A: If you have a medical appointment, or dentist or eyecare appointment, call your healthcare provider before going. Your provider will offer guidance to help you determine risk and decide whether you need to make a visit. When possible, use video or telephone medical services.


Q: Should I avoid the hospital? What if I have an emergency not related to COVID-19?

A: Do not avoid necessary care. If you have an emergency, call 911 and tell the dispatcher about your high-risk or underlying condition. At a hospital or other healthcare facility, inform staff right away of your high-risk or underlying condition. Emergency departments and other facilities have contingency infection prevention plans to protect you from getting COVID-19 if you need care for your underlying condition.


Q: What if I get sick?

A: If you have symptoms of COVID-19 or other concerning symptoms, contact a healthcare provider right away — no longer than 24 hours — and provide details. It is important that you are under care as soon as possible.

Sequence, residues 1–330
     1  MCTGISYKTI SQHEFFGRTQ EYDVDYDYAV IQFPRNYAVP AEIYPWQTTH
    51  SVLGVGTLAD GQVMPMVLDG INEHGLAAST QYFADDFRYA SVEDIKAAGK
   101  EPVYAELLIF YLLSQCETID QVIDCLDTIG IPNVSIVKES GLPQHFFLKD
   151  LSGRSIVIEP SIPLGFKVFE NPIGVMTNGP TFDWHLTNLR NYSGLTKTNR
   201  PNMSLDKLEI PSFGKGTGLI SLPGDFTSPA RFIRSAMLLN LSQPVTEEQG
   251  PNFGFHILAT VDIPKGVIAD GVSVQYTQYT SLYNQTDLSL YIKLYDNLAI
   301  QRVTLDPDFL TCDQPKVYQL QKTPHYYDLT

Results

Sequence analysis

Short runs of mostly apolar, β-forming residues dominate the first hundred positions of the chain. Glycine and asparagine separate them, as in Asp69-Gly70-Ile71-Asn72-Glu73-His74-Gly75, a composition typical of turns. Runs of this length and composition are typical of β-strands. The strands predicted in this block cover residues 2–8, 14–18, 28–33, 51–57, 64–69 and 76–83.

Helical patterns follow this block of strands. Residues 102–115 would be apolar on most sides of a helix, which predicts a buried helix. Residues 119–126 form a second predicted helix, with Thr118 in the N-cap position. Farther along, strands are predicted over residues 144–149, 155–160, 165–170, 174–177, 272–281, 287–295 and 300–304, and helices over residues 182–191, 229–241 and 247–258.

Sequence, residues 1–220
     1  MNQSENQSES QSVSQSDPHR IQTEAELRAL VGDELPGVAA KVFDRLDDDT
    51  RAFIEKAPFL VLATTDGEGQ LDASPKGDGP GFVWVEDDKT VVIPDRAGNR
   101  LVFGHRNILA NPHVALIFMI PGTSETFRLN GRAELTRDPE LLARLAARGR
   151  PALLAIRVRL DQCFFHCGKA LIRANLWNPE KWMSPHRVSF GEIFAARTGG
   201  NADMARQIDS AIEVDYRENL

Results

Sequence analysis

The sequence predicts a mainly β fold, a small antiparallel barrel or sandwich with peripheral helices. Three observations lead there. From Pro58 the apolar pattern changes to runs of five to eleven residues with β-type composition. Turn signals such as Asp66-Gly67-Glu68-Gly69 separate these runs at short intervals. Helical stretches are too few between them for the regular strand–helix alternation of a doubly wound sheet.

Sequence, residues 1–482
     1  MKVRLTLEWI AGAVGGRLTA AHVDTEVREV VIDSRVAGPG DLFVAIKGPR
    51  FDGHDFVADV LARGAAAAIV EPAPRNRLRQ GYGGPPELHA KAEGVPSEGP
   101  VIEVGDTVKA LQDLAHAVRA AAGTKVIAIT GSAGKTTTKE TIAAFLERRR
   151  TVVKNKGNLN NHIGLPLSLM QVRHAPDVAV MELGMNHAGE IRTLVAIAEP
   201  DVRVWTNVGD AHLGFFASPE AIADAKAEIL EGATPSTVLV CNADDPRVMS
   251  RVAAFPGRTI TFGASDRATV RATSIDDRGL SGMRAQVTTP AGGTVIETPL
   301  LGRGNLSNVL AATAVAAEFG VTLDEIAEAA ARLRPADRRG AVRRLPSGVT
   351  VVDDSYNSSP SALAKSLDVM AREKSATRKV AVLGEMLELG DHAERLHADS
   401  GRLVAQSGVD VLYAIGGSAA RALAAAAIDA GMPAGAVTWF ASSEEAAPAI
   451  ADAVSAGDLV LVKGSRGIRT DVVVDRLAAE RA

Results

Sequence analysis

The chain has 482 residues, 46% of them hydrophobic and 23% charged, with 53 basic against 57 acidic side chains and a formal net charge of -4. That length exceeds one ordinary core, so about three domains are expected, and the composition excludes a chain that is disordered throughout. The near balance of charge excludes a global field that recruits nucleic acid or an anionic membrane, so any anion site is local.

Q: Can I visit family members, friends, or neighbors?

A: In general, your risk increases the number of people you interact with, the more closely you interact, and the length of the interaction. Visit outdoors if possible. Arrange tables and chairs to allow for 6-foot social distancing. (People from the same household can be in groups together and don’t need to be 6 feet apart from each other.) Don’t shake hands, elbow bump, or hug. Wear cloth face coverings and, if possible, avoid others who are not wearing cloth face coverings. Have everyone wash hands or use hand sanitizer at the beginning and end of visits and before eating food. Encourage your visitors to bring their own food and drinks. Clean and disinfect commonly touched surfaces and any shared items between use.